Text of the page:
Chief Minister of India's eastern state of West Bengal Mamata Banerjee on Monday led a huge protest march demanding revocation of the country's new controversial citizenship law, officials said.

Banerjee marched through the heart of Kolkata along with her party leaders and supporters besides common people. She started from the statue of Babasaheb Ambedkar on Red Road and ended it at Jorasanko Thakurbari.

The protesters carrying posters and flags were calling for the revocation of the Citizenship Amendment Act (CAA) that was passed by the Indian parliament last week.

The new law triggered violent protests in West Bengal along with other parts of India. The protesters set ablaze railway property including some trains last week in the state. Authorities have suspended internet in six districts in wake of the violence.

"Our protest has to be non-violent," Banerjee said addressing the people. "Our opponents want violence to break out but we Hindus, Muslims and Christians are together."

Banerjee said she would not stop until the new law was revocated completely along with National Register of Citizens (NRC).

"We won't stop until CAB and NRC are withdrawn," Banerjee thundered to an applause from the protesters.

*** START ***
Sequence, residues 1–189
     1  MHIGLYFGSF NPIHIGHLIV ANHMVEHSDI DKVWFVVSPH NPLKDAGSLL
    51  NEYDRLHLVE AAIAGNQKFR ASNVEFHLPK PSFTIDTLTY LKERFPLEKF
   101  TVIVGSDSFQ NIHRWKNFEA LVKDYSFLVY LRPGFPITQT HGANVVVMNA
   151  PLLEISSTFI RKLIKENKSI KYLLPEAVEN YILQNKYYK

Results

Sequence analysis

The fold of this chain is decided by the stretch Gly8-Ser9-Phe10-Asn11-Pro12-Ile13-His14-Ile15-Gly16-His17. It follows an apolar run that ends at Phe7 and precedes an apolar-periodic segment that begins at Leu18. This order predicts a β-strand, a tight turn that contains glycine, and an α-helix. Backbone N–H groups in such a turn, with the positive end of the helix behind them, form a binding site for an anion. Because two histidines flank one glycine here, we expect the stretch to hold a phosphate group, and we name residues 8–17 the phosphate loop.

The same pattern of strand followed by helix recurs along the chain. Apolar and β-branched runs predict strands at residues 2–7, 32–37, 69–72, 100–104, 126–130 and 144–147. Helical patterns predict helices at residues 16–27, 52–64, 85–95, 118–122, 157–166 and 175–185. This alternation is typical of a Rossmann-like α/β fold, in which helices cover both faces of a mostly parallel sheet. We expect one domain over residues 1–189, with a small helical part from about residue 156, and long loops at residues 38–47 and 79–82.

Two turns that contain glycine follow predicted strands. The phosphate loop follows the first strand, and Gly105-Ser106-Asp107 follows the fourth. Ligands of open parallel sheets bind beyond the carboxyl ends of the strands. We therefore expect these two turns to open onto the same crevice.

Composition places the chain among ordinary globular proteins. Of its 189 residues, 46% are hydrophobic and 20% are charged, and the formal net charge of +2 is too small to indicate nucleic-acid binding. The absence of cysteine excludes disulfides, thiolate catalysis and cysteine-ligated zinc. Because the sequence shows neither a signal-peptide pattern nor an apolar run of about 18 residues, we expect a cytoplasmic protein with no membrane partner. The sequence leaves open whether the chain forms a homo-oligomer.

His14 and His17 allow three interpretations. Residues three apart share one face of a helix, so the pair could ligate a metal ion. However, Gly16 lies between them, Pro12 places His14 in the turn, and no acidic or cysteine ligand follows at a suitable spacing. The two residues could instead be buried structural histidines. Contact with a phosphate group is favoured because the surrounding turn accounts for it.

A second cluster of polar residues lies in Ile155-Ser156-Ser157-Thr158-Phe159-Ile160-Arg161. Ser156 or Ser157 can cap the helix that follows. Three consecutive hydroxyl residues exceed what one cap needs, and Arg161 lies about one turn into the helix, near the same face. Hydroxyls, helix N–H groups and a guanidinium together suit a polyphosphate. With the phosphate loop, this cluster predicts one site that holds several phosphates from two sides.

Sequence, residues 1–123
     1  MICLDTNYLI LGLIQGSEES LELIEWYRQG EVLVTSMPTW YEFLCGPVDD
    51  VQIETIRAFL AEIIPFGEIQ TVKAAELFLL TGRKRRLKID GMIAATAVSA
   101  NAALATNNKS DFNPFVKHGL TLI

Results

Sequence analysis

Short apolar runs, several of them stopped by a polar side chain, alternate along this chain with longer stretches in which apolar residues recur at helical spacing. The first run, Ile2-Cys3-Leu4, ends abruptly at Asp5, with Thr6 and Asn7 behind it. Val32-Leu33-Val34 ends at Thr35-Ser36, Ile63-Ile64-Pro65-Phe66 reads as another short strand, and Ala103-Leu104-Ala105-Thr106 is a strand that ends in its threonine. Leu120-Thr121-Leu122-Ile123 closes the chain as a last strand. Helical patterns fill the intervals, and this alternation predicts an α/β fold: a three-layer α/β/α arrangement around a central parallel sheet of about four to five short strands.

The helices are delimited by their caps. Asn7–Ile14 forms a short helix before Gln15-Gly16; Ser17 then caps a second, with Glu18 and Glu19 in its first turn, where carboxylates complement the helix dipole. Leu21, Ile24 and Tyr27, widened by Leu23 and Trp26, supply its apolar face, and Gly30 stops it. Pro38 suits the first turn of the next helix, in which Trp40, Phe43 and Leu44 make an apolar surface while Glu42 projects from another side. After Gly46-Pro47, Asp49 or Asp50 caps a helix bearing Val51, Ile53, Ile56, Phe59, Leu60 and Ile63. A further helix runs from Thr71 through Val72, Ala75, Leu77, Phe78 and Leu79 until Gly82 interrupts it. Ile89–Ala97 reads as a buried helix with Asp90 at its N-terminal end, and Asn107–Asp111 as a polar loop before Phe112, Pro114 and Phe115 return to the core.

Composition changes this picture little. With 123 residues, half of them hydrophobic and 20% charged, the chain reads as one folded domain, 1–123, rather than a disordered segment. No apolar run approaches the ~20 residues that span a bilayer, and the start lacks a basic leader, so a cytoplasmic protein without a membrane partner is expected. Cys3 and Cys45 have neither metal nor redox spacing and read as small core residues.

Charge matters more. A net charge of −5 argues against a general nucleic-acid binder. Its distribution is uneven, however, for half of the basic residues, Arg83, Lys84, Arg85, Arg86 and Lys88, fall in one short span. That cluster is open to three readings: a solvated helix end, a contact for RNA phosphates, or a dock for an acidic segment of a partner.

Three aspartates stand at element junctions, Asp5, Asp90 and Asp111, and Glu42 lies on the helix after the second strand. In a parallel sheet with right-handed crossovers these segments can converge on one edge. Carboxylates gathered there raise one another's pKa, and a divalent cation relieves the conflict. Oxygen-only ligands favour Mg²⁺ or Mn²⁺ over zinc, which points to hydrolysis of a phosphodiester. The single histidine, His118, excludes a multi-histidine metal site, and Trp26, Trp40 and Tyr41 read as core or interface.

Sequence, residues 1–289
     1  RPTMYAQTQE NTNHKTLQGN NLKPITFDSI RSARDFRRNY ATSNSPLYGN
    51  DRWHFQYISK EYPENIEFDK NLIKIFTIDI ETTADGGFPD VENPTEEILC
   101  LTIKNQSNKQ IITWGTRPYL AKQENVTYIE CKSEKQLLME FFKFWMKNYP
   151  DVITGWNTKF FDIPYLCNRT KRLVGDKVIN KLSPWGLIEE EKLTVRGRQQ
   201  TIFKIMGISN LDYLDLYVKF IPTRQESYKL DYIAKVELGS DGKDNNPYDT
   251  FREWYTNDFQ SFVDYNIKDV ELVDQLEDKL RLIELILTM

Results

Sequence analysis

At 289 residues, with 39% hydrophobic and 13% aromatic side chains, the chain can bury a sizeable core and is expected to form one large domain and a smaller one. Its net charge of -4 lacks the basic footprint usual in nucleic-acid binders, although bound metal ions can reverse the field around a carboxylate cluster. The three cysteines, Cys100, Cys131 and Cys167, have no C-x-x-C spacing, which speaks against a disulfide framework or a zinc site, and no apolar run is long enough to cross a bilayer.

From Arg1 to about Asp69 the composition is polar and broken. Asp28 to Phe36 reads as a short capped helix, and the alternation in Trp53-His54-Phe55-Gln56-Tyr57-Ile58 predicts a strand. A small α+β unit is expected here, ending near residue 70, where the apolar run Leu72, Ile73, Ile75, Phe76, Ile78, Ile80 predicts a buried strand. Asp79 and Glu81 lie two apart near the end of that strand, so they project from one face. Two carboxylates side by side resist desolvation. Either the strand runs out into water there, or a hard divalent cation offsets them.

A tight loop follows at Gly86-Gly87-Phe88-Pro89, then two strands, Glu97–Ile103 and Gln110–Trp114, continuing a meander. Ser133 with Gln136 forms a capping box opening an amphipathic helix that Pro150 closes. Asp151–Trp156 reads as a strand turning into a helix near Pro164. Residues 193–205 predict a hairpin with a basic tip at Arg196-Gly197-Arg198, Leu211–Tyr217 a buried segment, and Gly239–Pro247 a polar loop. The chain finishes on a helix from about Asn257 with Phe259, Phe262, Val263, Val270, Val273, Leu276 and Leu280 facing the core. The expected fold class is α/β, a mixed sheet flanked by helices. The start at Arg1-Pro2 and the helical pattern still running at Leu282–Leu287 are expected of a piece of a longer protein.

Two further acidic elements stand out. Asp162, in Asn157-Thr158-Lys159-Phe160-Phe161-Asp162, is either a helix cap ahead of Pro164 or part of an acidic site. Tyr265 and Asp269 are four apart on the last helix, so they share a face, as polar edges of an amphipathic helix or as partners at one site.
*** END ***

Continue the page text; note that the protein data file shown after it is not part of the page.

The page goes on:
West Bengal Governor Jagdeep Dhankhar described Banerjee's march as "unconstitutional" and had asked her not to take out the march.

"I am extremely anguished that CM (Chief Minister) and Ministers are to spearhead rally against CAA, law of the land. This is unconstitutional. I call upon CM to desist from this unconstitutional and inflammatory act at this juncture and devote to retrieve the grim situation," Dhankhar wrote on twitter ahead of the march.

However, Banerjee ignored the governor's remarks and went on as per her schedule.

Banerjee had urged people to participate in her protest. Banerjee has already stated she will not allow the implementation of new citizenship law in her state. The move has added one more point of conflict between the chief minister and Bharatiya Janata Party (BJP).

The new citizenship law aims at granting citizenship to illegal immigrants belonging to six religions -- Hinduism, Sikhism, Buddhism, Jainism, Parsi and Christianity -- from Bangladesh, Afghanistan and Pakistan. However, it has kept out Muslim immigrants from applying for citizenship.

Opposition parties and civil society members in India criticize the bill as contrary to secular principles enshrined in India's constitution as it excludes Muslims.

With this new law, the government would grant Indian citizenship to those non-Muslim immigrants who had entered the country illegally until Dec. 31, 2014. People in the northeastern states fear granting of citizenship to immigrants would endanger their status.